Gyeongbokgung was largely destroyed during the the Japanese military campaigns in Korea, and what remained was left derelict for more than 200 years. However in 1867, during the rule of King Gojong, a full-scale reconstruction of Gyeongbokgung was carried out by the kingdom’s prince regent, Heungseon, none other than the young king’s father. Hundreds of structures were faithfully rebuilt to their original size and appearance, once again giving Gyeongbokgung a majestic look that other palaces in Seoul could only envy. Interestingly, this later period of the Joseon dynasty’s rule in Korea is remembered as a time when the kingdom exercised an isolationist policy, while across the sea Japan under Emperor Meiji underwent major reforms known as the Meiji Restoration which saw the country reaching out to the world again after centuries of isolation.

King Gojong, who ascended the throne in 1863, faced turbulent times during his reign. Internally, widespread poverty led to a number of peasant revolts, while the newly reformed Japan which by now had acquired Western weaponry renewed its ambition to control Korea – at that time under the influence of the Qing dynasty of China. This fresh tension between the two regional powers once again highlighted Korea’s strategic importance as well as its susceptibility to foreign influence. In 1897, due to rising pressure to end Korea’s subjugation to foreign powers, King Gojong declared the end of the Joseon kingdom and proclaimed the founding of the Empire of Korea, a name purposefully chosen to emphasize Korea’s equal status with China and Japan.

Japan continued winning battle after battle against China and Russia, another great power in East Asia, cementing its position as the most powerful nation in the region. As a result, in 1905 an unequal treaty was signed between Japan and Korea – the latter already hosted a large number of Japanese troops on its soil – which effectively made the peninsula a Japanese protectorate. Five years later, however, Japan fully annexed Korea, marking the end of the Empire of Korea and the beginning of Japan’s 35 years of colonial administration on the peninsula. Gyeongbokgung, ever a symbol of Korean sovereignty, was then systematically dismantled by the occupying forces.

In 1926 Japan erected an enormous administrative building directly in front of Gyeongbokgung’s throne hall, blocking the people’s view of the structure once used by Joseon kings to receive officials and foreign dignitaries. The Neoclassical Government-General Building became the seat of the Governor-General of Korea until 1945, the year the Allied forces defeated Japan in World War II and the beginning of a divided Korea. Since the formation of South Korea, the building had been used to house the National Assembly, and later the National Museum of South Korea. However, its location within the Gyeongbokgung palace grounds was a constant reminder of the humiliating period of Japanese occupation, and therefore a plan for its demolition was conceived in the early 1990s.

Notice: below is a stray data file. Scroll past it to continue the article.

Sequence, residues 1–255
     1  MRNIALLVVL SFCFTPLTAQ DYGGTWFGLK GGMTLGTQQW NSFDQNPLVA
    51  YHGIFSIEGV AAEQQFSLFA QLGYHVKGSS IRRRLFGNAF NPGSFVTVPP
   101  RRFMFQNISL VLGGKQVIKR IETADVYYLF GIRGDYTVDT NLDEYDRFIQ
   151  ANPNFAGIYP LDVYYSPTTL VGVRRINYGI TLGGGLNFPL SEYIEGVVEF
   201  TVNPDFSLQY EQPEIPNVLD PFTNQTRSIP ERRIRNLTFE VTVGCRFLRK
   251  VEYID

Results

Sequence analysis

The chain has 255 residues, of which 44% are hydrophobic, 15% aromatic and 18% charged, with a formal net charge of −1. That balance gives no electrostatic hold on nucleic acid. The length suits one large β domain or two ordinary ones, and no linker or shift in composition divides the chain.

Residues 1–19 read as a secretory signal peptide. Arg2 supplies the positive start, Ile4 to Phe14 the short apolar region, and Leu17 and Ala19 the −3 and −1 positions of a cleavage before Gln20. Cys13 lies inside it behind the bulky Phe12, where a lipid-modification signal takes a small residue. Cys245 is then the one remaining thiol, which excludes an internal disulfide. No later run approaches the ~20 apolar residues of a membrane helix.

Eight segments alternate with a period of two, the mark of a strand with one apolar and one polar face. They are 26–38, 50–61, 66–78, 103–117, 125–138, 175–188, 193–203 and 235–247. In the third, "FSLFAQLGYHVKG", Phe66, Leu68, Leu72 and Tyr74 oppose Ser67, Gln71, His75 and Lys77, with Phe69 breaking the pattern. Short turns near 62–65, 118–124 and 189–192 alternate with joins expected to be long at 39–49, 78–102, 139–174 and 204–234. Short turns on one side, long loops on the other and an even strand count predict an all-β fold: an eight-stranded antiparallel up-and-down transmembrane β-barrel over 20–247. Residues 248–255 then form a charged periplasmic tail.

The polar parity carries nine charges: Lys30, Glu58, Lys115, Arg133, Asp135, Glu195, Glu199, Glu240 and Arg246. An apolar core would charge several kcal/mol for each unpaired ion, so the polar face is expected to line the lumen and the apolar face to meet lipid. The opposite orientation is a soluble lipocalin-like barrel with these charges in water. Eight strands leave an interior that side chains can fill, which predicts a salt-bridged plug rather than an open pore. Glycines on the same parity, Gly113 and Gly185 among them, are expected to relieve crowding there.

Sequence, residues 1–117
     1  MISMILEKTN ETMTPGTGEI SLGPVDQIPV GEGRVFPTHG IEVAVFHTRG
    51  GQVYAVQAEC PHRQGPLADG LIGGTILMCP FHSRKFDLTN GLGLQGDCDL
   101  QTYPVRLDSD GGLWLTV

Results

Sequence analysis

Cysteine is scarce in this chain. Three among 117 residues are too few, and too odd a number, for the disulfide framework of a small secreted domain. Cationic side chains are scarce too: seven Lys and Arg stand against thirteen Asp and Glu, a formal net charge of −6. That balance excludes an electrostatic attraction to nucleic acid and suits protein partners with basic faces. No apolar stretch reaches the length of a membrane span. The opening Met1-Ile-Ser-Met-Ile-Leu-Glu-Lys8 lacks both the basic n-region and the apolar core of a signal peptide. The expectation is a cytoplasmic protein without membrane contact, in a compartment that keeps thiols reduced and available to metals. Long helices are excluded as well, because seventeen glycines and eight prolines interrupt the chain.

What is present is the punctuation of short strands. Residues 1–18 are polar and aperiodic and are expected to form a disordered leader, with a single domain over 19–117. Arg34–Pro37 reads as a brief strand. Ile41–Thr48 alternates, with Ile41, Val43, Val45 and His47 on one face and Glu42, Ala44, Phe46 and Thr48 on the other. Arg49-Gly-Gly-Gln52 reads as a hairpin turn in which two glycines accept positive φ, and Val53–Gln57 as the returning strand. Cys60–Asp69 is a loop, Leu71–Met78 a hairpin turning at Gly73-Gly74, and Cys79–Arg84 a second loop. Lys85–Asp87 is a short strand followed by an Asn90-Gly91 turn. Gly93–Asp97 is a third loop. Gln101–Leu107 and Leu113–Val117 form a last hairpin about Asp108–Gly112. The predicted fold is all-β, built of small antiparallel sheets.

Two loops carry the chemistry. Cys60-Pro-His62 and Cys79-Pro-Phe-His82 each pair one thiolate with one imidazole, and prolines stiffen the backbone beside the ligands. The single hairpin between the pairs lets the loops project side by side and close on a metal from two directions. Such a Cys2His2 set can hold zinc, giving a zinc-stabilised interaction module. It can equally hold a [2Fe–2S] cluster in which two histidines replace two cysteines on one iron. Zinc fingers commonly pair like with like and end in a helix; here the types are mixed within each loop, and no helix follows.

Eventually, the last piece of the building which once defaced Gyeongbokgung was removed in 1996 – 70 years after its completion – and Hyeungnyemun (the second inner gate) was reconstructed on the same location. Many structures that were destroyed during the Japanese colonial period have now been rebuilt, although it will still take many more years to fully restore the entire palace complex to its original design. But with South Korea’s economy now as robust as its former colonizer’s, and the country’s rising profile on the world stage (having hosted the 1988 Summer Olympics and the 2018 Winter Olympics, as well as producing high-technology products and exporting K-pop and K-dramas) which has brought the South Koreans a rediscovered sense of confidence and pride, a fully-restored Gyeongbokgung will become the icing on the cake. And if the path for lasting peace on the Korean Peninsula is cleared, as recent developments between the North and the South suggest, the restoration of this magnificent palace of the Joseon dynasty will ultimately be a propitious reminder for Koreans on both sides of the border of what they can achieve when they eventually reunite.

One of Many Animals Decorating Geunjeongjeon’s Two-Tiered Stone Platform

Balustrades Carved with Floral Patterns

The Joseon-Style Eojwa (the Phoenix Throne) with Irworobongdo (Landscape Painting of Five Peaks, A Sun and A Moon)

The Richly-Decorated Ceiling and Rafters of the Throne Hall

Visitors Marveling at the Beautiful Artwork Inside

A Fitting View for A King

A Mythical Animal at the Northern Side of the Stone Platform